LANSING — As the old Lansing Elementary School sits proudly just off NC 194, the Lost Province Center for Cultural Arts has begun to make way on the building, hoping for something Ashe County has never seen before.
Effective July 1, 2020, LPCCA attained ownership of both the historic Lansing schoolhouse and classroom building. Both buildings are listed on the National Register of Historic Places.
LPCCA has a vision to transform the historic landmark into a mixed-use campus, which will serve as a singular showcase in Ashe County for the promotion and preservation of arts and crafts, music and culinary arts.
David Norman, who serves as LPCCA’s board chair and CEO, said the idea of creating such a space in Lansing began approximately five years ago.
According to Norman, they plan to teach the culinary service and skills necessary to run a restaurant. In the old schoolhouse there will be a farm-to-table “white tablecloth” style restaurant for students to showcase their culinary talents. Also in the schoolhouse building will be a gallery and gift store, as well as at least 18 studio apartments on the second floor.
Norman said that as they attract tourists and artists to the community, they want to be able to provide them with a place to stay. The plan is for these apartments to be short-term rentals primarily for students and educators, as well as tourists. One of the purposes for such space is to provide housing for students. This is due to the potential of classes such as metal working, glass blowing and pottery to last for several days.
“I want adults to be able to turn their hobbies into jobs, something for them to make a living from,” said Norman.
The school building itself, standing on 3.7 acres of LPCCA property, has been stripped of previous remnants and occupations, being left bare and open with visible stove-burnt roofing and wooden structures. Some of the old desks from before the school closed still remain, along with the original intercom system. The walls of the classrooms have been left with old wooden paneling, open with rarely any enclosures. Original doors stand, now with little use; 118 casement windows remain with aged roping and weight systems.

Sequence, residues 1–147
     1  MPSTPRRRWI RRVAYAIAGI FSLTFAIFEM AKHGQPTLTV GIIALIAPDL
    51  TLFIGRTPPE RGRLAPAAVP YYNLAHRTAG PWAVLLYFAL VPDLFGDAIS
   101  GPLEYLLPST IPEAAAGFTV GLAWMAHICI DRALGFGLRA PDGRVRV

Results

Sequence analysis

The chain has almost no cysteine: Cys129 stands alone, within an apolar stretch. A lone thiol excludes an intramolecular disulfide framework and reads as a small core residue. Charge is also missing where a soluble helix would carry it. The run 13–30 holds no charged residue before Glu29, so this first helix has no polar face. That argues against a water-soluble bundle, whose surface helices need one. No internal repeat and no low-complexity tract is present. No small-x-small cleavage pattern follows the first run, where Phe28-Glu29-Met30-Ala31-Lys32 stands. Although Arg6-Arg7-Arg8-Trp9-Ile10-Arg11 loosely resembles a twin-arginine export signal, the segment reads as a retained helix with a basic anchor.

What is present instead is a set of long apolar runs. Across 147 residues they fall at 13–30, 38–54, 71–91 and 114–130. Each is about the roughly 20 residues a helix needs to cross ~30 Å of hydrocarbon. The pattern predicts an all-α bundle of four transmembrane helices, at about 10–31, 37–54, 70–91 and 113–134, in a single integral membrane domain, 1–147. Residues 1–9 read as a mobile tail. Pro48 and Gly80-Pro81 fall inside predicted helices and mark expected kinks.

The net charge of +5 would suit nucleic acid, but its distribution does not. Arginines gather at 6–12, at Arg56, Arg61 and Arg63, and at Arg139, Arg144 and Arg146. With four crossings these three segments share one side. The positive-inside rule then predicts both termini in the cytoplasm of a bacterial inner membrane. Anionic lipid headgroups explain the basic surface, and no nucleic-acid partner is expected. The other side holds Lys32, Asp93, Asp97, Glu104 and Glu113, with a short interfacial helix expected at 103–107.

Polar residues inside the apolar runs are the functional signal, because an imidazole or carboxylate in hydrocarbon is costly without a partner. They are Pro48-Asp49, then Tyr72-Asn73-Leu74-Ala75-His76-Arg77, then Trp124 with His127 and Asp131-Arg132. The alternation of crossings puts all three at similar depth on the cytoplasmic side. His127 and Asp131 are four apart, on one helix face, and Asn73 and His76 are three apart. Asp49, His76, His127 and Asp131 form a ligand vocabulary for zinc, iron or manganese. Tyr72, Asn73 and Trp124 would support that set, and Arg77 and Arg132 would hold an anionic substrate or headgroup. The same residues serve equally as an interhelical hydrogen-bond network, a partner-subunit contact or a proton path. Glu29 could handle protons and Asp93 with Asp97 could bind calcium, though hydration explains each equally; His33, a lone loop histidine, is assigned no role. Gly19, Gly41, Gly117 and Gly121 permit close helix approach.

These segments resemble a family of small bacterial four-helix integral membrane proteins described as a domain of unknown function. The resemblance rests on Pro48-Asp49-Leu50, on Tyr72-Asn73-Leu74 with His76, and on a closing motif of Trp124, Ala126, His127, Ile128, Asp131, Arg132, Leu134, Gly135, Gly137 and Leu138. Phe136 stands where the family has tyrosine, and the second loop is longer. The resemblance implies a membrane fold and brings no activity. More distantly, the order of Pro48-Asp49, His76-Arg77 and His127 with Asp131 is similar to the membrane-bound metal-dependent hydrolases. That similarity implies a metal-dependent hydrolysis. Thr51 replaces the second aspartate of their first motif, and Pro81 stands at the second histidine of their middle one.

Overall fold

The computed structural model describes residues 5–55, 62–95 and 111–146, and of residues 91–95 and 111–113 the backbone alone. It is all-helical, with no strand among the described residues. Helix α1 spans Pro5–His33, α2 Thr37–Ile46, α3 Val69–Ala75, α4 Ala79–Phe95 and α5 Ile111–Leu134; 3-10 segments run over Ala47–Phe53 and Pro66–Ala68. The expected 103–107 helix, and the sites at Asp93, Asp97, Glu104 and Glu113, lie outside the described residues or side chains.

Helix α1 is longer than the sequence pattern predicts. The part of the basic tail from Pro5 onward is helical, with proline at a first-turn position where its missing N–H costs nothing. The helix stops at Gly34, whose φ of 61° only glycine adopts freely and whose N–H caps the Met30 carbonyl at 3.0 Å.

Norman hopes that the interior can soon hold a mid-century flavor in addition to the original rustic look as to keep close to the roots of the building. An estimated $6 million is on the table in restoration of the schoolhouse.
“I want people to fill this space,” Norman said. “I want to fill it full of adult learners and artists.”
The goal for LPCCA is not to bring people into the school to teach them the arts — it is to teach and to bring income to those who have the hands for cultural arts.
“I am less interested in someone coming in and learning how to do pottery,” said Norman. “I’m more interested in a single mom, a young woman, in the region who really has a passion for pottery and wants to learn enough to where she can open a studio and provide an income for herself and her family.”
Through the school, students will pay tuition, like any other college, but will be given the opportunity to work as they learn, ultimately paying for their education. Instead of leaving in debt, they will be leaving with the stepping stones to further their career and income.
Norman hopes that instead of coming out at a dead-end while drowning in student loan debt, the alumni from Lost Province can get out from behind the kitchen stove and create a life where they take what they have learned to better themselves and their families.
In the restoration process, the board for LPCCA has produced images of inspiration for the look and feel of the building.
The classroom building is currently being repainted and renovated for arts classes that will begin this summer. Classes will include personal wine-making, pottery and fiber arts, such as weaving and knitting.
Norman expects the project to take from 18 to 24 months.
More information about LPCCA and their efforts in Lansing can be accessed by visiting the Facebook and Instagram pages @LostProvinceArts or calling (336) 620-1107.